Wonderful idea, Vinnie!  And a good one for the rest of you Cloud Curmudgeons out there too.

‘Nuff said…

Posted in saas | Leave a Comment »

Great Products Need Something Borrowed and Something New

Posted by Bob Warfield on December 3, 2010

Seth Godin, one of my favorite bloggers, has a great post on the value of clichés.  His observation makes a lot of sense: we need the familiar to be able to lock in on a product or idea.  Without it, whole new cognitive mindshare has to be built before we have a place to pigeonhole the thing when we think about it, and that’s expensive.  Most startups (heck, most any company) shouldn’t undertake that kind of expense unless it has to.  As Godin goes on to say:

Here’s the thing: you can’t stand out if you fit in all the way, and thus the act of deciding which part isn’t going to match is the important innovation.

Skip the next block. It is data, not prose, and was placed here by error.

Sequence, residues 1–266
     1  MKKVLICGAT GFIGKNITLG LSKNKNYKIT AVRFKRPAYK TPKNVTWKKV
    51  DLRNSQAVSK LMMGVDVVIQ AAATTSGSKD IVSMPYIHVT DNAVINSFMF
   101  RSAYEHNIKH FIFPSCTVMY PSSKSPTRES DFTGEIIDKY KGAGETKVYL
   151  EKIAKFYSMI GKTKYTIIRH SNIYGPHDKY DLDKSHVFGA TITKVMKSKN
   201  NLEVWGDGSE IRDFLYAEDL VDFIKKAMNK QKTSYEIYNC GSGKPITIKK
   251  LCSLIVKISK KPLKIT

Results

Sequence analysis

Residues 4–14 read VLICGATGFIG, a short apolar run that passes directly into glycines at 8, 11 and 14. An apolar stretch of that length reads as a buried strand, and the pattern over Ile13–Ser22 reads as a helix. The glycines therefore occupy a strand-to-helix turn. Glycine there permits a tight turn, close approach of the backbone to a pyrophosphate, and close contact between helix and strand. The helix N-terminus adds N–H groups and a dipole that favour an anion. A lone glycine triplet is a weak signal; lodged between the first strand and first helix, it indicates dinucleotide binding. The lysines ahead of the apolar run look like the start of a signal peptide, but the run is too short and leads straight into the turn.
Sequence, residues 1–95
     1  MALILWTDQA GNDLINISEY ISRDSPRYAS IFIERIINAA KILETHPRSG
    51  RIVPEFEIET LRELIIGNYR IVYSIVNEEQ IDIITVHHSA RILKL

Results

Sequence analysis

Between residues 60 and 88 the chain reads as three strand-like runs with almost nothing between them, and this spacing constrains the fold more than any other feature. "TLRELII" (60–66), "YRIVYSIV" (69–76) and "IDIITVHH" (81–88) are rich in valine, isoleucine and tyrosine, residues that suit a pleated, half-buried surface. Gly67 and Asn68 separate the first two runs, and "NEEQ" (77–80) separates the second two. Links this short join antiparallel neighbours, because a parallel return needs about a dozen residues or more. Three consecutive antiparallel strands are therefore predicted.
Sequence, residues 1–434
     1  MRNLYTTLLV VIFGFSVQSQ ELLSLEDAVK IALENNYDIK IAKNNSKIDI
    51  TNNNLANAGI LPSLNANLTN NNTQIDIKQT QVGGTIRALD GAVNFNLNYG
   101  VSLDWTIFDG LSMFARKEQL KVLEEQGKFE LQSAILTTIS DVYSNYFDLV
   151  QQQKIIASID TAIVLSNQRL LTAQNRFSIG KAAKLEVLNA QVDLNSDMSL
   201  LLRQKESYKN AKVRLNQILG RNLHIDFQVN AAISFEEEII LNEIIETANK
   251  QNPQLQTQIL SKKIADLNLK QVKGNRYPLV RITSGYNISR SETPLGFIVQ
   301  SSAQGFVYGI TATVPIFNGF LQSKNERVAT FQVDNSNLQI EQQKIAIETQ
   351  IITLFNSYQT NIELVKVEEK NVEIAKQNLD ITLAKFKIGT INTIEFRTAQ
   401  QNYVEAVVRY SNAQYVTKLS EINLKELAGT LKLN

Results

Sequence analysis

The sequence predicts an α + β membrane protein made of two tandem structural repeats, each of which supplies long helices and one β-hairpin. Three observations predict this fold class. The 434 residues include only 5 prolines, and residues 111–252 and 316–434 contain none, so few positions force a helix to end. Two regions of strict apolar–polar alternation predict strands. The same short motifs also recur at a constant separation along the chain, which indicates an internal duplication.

That’s the key: the part you decide to do different is what’s important and you can’t decide to do everything differently.  While we’re at it, the difference can’t be subtle:

Matching an element almost looks like failure. Matching not-at-all, on the other hand, is the refreshing whack on the side of the head that causes attention to be paid.

Think about it.  The world’s great products consist of a familiar bundle of clichés together with a really important difference:

An iPhone is a telephone (familiar bundle of clichés and expectations) with insanely great industrial design and user experience (the really important difference).

Let’s do some more:

–  Rolex:  A watch that’s built with massive Swiss precision.

–  Ferrari:  A sports car that adds hot Italian passion about performance and style